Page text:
Routes

Pamplona and surrounding area in a wheelchair

Centro de interpretación de las fortificaciones de Pamplona. This route is focused on Pamplona, the capital city of Navarra, and surrounding area. It offers a wide range of accessible tourism possibilities, not only in urban areas but also in rural environments with open air activities where you can have fun in a natural setting.

Did you know that...?

Pamplona is on the Way of St James and, each day, it receives a host of pilgrims who cross the Gothic bridge of La Magdalena and access the city through the Portal de Francia gateway at the foot of the ramparts.

Centro de interpretación de las fortificaciones de Pamplona.
Centro de interpretación de las fortificaciones de Pamplona.
Catedral de Pamplona con silla de ruedas
Catedral de Pamplona con silla de ruedas
Planetario
Planetario
Batán de Villava con silla de ruedas
Batán de Villava con silla de ruedas
Parque fluvial del Arga con silla de ruedas
Parque fluvial del Arga con silla de ruedas
Molino San Andrés. Villava
Molino San Andrés. Villava
Parque fluvial del Arga con silla de ruedas
Parque fluvial del Arga con silla de ruedas
Batán de Villava con silla de ruedas 3
Batán de Villava con silla de ruedas 3

Pamplona and surrounding area in a wheelchair

Friday morning

Pamplona

Start by discovering some of its places and getting to know its history. Visit the tourist office, with ground level entrance and part of the counter adapted to attend to wheelchair users. The office is located alongside the town hall, one of the city's iconic monuments. Here, every year on the 6th July, the rocket is fired marking the start of the world-famous San Fermín fiestas. From here, lose yourself in the old quarter, following the mythical bull running route. Most streets in the centre are pedestrian only and the road and pavement form a single unit. The pavement is uniform, so there's no problem getting around with a wheelchair. During the tour, the following are must-visits:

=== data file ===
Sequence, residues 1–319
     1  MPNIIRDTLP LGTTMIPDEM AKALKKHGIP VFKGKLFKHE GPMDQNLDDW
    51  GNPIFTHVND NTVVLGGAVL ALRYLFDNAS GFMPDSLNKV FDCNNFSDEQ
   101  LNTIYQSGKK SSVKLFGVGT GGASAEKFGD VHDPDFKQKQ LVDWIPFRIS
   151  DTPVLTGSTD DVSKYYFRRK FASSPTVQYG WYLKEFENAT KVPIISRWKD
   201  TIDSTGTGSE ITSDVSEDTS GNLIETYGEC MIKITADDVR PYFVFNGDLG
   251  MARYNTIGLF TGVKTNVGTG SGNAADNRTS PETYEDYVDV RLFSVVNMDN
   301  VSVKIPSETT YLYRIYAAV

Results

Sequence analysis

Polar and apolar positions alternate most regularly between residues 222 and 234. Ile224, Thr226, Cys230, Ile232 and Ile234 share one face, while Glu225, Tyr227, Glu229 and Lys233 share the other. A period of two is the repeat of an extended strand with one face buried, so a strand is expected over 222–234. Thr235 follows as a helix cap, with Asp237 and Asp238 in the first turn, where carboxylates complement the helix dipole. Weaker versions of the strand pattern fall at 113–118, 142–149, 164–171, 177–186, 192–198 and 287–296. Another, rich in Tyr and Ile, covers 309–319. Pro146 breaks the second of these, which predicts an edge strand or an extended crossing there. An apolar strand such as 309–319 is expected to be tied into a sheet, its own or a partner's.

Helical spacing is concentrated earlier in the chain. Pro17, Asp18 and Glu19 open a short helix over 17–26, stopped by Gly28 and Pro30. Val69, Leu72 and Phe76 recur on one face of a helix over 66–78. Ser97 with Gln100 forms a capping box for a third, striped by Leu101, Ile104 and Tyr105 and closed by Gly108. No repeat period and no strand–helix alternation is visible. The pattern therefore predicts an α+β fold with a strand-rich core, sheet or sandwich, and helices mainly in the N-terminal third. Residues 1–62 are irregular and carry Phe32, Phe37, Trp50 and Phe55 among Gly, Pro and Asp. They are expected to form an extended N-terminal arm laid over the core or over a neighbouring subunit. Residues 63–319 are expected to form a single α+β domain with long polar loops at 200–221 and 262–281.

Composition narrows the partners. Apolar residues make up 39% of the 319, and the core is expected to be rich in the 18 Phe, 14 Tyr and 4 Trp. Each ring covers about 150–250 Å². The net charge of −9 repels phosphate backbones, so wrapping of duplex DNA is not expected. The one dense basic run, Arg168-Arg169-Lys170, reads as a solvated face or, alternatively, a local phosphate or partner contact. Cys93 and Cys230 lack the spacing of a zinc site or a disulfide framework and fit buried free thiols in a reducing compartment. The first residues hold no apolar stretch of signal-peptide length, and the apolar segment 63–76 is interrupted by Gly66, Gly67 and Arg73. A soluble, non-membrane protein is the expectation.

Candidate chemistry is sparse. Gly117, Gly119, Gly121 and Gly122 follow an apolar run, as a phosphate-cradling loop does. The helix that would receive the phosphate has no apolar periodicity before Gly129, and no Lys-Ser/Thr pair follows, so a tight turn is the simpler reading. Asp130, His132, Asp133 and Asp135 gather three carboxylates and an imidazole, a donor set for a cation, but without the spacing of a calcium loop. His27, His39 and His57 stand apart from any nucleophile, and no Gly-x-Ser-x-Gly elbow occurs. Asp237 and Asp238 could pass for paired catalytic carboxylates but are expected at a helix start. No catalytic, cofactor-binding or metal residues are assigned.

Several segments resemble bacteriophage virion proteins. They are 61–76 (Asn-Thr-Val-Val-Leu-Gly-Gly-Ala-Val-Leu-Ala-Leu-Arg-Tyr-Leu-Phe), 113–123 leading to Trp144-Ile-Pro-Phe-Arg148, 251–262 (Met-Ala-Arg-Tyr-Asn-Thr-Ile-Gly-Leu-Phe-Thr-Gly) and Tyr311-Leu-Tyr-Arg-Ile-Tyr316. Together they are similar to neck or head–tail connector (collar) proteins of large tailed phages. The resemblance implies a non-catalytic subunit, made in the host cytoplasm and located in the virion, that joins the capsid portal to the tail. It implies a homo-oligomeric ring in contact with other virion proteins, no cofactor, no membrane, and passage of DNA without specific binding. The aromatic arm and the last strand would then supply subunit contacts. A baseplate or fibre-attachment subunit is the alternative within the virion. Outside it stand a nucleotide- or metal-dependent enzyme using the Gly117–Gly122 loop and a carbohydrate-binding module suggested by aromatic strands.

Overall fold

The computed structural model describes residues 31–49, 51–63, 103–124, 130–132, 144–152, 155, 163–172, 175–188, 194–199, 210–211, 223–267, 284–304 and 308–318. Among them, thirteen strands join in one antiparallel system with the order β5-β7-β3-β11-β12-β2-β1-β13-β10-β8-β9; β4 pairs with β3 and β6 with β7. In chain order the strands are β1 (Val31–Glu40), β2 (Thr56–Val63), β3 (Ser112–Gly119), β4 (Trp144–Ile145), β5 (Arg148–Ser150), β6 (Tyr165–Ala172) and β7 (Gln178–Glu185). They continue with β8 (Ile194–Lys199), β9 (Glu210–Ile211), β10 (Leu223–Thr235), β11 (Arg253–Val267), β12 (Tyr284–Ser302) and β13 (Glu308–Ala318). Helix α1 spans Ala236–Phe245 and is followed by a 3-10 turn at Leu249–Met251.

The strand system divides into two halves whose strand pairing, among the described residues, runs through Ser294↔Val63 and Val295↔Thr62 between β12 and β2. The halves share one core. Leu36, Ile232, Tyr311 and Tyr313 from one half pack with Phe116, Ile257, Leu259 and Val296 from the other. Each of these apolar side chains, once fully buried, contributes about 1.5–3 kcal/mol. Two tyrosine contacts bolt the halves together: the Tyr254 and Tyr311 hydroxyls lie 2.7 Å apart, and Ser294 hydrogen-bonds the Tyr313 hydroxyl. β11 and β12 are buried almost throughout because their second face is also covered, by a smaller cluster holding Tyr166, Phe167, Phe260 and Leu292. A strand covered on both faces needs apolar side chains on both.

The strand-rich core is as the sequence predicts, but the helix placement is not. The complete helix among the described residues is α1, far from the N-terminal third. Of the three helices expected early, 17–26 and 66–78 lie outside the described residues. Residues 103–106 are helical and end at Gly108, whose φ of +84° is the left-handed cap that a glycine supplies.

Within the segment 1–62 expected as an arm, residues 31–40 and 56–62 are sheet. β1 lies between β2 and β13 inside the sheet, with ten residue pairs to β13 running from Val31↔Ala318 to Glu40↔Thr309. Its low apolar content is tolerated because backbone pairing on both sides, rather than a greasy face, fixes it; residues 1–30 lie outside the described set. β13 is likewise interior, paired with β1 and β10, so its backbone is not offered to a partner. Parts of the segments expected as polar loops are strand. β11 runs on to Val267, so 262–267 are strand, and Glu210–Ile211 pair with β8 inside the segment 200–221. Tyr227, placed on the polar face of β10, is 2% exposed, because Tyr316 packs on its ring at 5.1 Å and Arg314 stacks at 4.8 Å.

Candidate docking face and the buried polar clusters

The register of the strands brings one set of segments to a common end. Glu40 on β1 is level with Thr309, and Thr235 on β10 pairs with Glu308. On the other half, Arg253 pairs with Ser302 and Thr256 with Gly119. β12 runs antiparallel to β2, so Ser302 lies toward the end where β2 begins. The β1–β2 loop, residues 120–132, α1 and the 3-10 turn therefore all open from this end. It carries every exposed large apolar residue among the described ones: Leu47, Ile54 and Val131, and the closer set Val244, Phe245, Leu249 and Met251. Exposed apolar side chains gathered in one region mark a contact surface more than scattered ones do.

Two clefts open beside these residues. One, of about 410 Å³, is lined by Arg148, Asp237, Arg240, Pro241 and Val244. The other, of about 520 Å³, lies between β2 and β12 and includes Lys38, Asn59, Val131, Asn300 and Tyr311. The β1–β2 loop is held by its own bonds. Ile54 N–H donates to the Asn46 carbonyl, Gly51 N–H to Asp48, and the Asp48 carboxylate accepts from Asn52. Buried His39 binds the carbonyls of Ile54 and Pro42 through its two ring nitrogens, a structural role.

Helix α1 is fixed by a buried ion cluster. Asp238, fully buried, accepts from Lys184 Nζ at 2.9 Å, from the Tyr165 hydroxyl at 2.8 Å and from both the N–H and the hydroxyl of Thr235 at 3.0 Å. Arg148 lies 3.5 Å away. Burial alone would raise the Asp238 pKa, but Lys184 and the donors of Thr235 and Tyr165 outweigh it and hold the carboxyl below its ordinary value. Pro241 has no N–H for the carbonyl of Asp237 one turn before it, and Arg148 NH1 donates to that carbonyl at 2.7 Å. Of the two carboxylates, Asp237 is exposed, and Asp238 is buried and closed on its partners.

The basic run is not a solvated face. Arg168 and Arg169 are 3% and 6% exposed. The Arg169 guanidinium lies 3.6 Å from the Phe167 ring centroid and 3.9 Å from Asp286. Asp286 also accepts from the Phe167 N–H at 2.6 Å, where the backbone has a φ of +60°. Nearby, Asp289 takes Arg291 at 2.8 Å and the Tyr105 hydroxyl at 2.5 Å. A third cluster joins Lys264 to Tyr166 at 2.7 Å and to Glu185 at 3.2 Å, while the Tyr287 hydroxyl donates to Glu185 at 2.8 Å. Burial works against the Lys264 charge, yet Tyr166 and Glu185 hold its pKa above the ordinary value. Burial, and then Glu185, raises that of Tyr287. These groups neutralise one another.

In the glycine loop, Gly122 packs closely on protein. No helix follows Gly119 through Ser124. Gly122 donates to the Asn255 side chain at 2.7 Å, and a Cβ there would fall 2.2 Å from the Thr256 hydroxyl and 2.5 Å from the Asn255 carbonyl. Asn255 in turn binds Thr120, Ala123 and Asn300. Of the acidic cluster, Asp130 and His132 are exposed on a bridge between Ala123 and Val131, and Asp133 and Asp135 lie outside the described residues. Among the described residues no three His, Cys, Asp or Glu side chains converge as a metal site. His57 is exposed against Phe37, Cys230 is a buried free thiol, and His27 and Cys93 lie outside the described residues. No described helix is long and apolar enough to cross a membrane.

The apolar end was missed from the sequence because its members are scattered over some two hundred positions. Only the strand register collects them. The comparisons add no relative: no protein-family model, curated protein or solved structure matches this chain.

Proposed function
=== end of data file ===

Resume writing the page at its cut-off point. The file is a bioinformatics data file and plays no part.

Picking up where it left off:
The Interpretation Centre of the fortifications of Pamplona, to understand why the city has one of the best conserved defence complexes in Spain. After visiting the centre interior and finding all about the city ramparts, you can then take a 5 km outdoor tour to put your knowledge to the test. The centre is wheelchair-friendly and there are disabled toilet facilities.
The Cathedral of Santa María (St Mary) and its most important treasure, the Gothic cloisters. The main entrance has a step, however there is alternative ramped access. Almost all the cathedral interior is accessible for wheelchairs.  What's more, the cathedral also has an interesting Diocesan Museum.

The Condestable Palace located in the calle Mayor street is considered to be a unique example of civil architecture in 16th century Pamplona. Access is via a ramp with a slight slope, while the various storeys can be accessed by a lift. It also has disabled toilet facilities.
The Citadel is considered to be the finest example of Spanish Renaissance military architecture and is the city's largest green space. Covering an area of 280,000 square metres, its pavilions, moats, bastions, ravelins and fortifications are now public places of leisure, sport and culture.